de tranquilitate animi

A stupid man’s report of what a clever man says is never accurate, because he unconsciously translates what he hears into something that he can understand. I would rather be reported by my bitterest enemy among philosophers than by a friend innocent of philosophy.
Le compte rendu par un homme sot de ce qu’un homme d’esprit dit n’est jamais exact, parce que celui-là traduit inconsciemment ce qu’il entend en quelque chose qu’il peut comprendre. Je préfère être rendu compte par mon pire ennemi parmi les philosophes que par un ami innocent de la philosophie.
Отчёт дурака о том, что говорит умный никогда не бывает правильным, потому что первый бессознательно переводит то, что он слышит в то, что он может понять. Я бы предпочёл, чтобы обо мне отчитывался мой злейший враг среди философов, чем друг, неиспорченный философией.

— Bertrand Russell, A History of Western Philosophy, 1945

Je disois : « C’est une chose extraordinaire que toute la philosophie consiste dans ces trois mots : je m’en fous. »

I’d say: “It’s an extraordinary fact that all philosophy comes to these five words: I don’t give a fuck.”

Я бы сказал: «Как удивительно, что вся философия сводится к трём словам: мне это похуй&raquo.

9. the means of language

— for Eric Gans
    Quand il parlait, il ne levait jamais un bras ni un doigt : il avait tué la marionnette.
    — Paul Valéry, Monsieur Teste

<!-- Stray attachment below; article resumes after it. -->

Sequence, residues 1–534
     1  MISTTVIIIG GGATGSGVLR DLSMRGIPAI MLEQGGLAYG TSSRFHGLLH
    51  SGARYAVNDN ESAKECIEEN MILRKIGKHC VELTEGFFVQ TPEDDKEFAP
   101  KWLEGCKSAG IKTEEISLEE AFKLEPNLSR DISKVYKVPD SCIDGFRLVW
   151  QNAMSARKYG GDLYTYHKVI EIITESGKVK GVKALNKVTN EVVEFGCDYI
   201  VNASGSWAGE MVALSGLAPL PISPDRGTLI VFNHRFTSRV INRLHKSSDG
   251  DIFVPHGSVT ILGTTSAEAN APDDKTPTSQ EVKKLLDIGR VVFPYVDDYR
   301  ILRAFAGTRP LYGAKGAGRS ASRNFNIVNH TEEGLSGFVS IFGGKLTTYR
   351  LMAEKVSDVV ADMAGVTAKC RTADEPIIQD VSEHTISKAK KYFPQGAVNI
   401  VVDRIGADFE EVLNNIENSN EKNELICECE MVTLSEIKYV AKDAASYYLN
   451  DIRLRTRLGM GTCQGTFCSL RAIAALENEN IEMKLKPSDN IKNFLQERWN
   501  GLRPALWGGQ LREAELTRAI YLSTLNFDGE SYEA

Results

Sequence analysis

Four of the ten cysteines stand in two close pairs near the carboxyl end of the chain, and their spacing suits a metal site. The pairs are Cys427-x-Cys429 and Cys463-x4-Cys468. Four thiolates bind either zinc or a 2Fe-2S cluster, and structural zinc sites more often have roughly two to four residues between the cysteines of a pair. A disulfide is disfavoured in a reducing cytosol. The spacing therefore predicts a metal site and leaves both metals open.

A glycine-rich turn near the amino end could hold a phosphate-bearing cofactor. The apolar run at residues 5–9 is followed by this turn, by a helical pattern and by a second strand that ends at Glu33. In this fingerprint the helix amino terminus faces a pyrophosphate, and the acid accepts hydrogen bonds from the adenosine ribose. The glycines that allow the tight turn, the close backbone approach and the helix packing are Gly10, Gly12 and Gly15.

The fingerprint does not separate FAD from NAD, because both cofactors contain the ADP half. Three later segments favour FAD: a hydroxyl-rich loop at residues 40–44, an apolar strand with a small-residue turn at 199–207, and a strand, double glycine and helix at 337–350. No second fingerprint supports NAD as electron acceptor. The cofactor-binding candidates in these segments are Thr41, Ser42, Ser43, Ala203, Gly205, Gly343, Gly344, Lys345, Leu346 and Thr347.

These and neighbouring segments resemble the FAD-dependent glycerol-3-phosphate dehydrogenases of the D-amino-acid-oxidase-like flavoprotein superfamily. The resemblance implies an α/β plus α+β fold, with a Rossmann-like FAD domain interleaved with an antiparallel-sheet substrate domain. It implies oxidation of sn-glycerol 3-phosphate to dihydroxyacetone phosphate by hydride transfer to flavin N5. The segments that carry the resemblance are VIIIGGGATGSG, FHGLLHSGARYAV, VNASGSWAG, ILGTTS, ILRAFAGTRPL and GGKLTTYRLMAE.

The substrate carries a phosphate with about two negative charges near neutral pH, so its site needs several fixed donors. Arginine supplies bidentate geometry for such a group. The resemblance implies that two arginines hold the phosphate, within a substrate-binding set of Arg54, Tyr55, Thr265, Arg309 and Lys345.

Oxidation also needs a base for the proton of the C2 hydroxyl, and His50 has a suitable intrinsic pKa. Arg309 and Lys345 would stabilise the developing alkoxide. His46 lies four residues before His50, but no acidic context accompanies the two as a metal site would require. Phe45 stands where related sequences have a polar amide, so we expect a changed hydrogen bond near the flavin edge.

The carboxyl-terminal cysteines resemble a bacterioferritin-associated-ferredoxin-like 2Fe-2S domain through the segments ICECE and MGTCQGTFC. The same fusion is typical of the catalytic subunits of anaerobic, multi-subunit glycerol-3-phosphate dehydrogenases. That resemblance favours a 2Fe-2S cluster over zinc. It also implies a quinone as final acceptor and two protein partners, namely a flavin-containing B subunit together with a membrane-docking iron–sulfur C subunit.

When he spoke, he never raised his arm, nor his finger; he had killed the puppet.
    — Paul Valéry, Monsieur Teste[0]

    It is customary to introduce a French subject in the history of ideas (l’histoire des mentalités) with the simile coined by the great mediaevalist Marc Bloch:[1] « Le bon historien, lui, ressemble à l’ogre de la légende. Là où il flaire la chair humaine, il sait que là est son gibier. » The good historian, says Bloch, resembles the legendary ogre: wherever he smells human flesh, there he knows to seek his prey. But the postmodern ogre is a conflicted creature. Undermining the cause of his own carnivorous appetite, he holds that the singularity of definitively modern works consists precisely in their fundamental ambiguity. In so far as historical events are molded by human hands, this singularity must extend to all subjects of modern history.
    Witness Ross Chambers epitomizing French literary modernism in the two key masterpieces of that movement, Charles Baudelaire’s verse collection Les fleurs du mal and Gustave Flaubert’s novel Madame Bovary:[2]

Their writing has an elusive quality that resists interpretative closure and makes it difficult, perhaps impossible, to locate a subject in which an “intended meaning” would have originated. As a result, reading modern works becomes a literally interminable procedure, and in both the text and its interpretation the insistence of unconscious forces ― that is, of desire ― becomes impossible to ignore.

Physicists teach that perpetual motion is impossible. Economists agonize over the prospects of full employment. Little do they know that resistance to interpretative closure is all it takes to ensure that the tribe of literary critics becomes fully employed in the manufacture of perpetual motion compelled by the insistence of desire and predicated upon the impossibilities of ignoring. Continue reading 9. the means of language